The Mexican military announced Feb. 10 the capture of Jonathan Salas Avilés AKA “El Fantasma” (The Ghost), accused of being the security chief for fugitive Sinaloa Cartel kingpin Joaquin Guzmán AKA “El Chapo” (Shorty), in Culiacán. Salas apparently surrendured after being surrounded by three helicopters and at least eight navy vehicles. In the typical confusion, the governor of Sinaloa last year mistakenly announced that Salas had been killed in a clash with Mexican Marines. (BBC News, El Universal, Sexenio, Feb. 10; Justice in Mexico, March 5, 2012) The arrest of a figure close to El Chapo while the kingpin himself remains at large has been reported again and again and again and again and again—leading to conspiracy theories that Chapo is being protected by the Mexican state, at the price of the occasional sacrifice of a lieutenant to save face.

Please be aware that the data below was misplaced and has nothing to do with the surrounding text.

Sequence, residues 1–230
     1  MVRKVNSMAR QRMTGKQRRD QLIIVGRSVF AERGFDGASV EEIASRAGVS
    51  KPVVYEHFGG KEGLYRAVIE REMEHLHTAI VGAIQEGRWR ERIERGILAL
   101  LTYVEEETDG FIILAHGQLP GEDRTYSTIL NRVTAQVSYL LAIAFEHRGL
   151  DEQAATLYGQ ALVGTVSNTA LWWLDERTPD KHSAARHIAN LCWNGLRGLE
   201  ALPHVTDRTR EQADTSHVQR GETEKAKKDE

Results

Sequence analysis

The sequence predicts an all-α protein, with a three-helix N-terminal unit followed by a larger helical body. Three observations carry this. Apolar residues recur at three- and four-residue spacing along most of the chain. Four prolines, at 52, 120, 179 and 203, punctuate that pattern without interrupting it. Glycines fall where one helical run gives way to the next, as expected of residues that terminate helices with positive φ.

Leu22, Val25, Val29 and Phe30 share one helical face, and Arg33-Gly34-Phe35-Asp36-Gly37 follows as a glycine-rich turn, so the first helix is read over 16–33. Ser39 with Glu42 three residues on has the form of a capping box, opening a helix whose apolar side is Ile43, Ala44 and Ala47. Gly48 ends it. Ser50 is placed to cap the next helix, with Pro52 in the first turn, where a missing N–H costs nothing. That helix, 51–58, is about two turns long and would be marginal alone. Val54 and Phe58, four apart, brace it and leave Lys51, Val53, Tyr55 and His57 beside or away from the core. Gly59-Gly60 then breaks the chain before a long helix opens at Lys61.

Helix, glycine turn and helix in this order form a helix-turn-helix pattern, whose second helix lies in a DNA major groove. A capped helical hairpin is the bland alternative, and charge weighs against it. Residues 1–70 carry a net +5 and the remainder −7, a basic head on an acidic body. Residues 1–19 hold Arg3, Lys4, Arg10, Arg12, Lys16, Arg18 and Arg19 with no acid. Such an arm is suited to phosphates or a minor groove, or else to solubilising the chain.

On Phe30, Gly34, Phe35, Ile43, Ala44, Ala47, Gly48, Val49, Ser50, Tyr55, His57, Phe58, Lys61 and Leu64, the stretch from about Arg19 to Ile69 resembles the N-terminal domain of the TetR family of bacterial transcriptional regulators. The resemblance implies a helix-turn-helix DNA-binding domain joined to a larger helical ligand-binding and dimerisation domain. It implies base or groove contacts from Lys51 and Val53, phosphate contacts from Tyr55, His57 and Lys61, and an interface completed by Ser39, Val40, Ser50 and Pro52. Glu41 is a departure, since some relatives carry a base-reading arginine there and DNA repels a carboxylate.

The violent deaths of all but one member of a musical band made grim headlines in Mexico late last month. The vallenato band Kombo Kolombia, from Monterrey, were playing a party at a ranch in Sabinas Hidalgo, when it was attacked by gunmen. Between band members and their entourage, 17 were killed. The bodies were found days later, dumped into wells at the nearby town of Mina, Nuevo León. Authorities have arrested one man in the massacre, and say the band was targeted by Los Zetas because it had performed at parties for the rival Gulf Cartel. (Latino Daily News, Feb. 8; BBC News, Feb. 3; Billboard, Jan. 28)
On Feb. 4, Wilfrido Flores Villa, a member of the Institutional Revolutionary Party (PRI) and interim mayor of Nahuatzén, a largely indigenous town in Michoacán, was shot and killed at a restaurant in nearby Pátzcuaro. The incident marks the sixth attempted murder of a town mayor in Michoacán within the past year, although the previous five all survived. (Justice in Mexico, Feb. 10)